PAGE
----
Meet the Northborough/Southborough Special Education Parent Advisory Council

This is part of a series profiling organizations in our community. Volunteers or staff will clarify who they are and what they do. You can learn about how to utlize their resources, join or help. 

Northborough/Southborough Special Education Parent Advisory Council (NSPAC)

NSPAC is a volunteer organization serving as a resource to parents and guardians of children in the Northborough/Southborough district with special needs and learning differences.

Our membership is open to parents and guardians of children who have Individualized Education Programs (IEPs), 504s or anyone interested in special education within the Northborough/ Southborough School District.

We work closely with the district administration and educators to identify areas of need and act in an advisory role to the school committee and the administration.

Main activities:

  • Present monthly educational programs on a variety of topics.
  • Provide a broad range of information, contacts, and networking opportunities.
  • Share resource information (books, programs, evaluators, etc).
  • Facilitate connections with other parents dealing with similar issues and professionals who can help.
  • Present annual ‘Go the Distance’ awards to school district staff and community members who have made a significant contribution to enhancing the life of a child with special needs. This is our most well-known and well attended district wide event. (Click here for more information)

Our biggest challenges:

  • Reaching our audience.
  • Finding more volunteers to help NSPAC remain a more active organization.
  • No real means to do fundraising.

How can people join?
People can sign up for our email list on our website at They will receive notices of our events and local area events related to children/young adults with special needs.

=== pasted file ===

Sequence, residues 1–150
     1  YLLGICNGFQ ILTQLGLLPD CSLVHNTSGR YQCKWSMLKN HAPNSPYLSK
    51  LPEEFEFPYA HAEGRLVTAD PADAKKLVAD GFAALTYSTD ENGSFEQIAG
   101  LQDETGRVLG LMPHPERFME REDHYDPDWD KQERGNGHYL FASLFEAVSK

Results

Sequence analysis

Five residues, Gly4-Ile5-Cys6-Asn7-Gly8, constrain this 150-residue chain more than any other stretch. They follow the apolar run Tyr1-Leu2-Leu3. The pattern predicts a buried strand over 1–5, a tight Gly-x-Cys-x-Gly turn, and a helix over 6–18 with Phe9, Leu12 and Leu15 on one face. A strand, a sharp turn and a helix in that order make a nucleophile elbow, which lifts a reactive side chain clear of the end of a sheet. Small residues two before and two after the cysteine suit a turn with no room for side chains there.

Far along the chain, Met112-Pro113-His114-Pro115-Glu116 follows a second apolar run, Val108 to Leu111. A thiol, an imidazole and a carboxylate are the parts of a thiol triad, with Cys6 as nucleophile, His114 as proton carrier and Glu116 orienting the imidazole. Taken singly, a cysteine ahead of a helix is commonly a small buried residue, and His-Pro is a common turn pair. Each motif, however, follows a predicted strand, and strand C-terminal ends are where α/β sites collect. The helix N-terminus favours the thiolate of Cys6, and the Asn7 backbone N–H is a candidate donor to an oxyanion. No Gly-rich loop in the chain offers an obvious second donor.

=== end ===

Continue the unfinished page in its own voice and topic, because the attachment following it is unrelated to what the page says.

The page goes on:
20120518-nspac-awards-smlHow can people best help?
We are always looking for more parent volunteers. Everyone is welcome to attend any of our meetings, they are always free and open to the public.


(Above: In 2012, NSPAC shared this photo of 93 Go the Distance Awards. These are some of the faces of people making a difference in the lives of district students with special needs.)

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10 years ago

I also think that this is a great district where kids are getting a good quality of education, so I do not see why they would complaint. If you do not like something, well there are always other options to choose from. I do not see why wasting time on complaints and anger instead of switching districts. The biggest problems have to do with the board of education that is in charge of special education programs. Basically, there is always someone to blame, but I do not thing that this is the case

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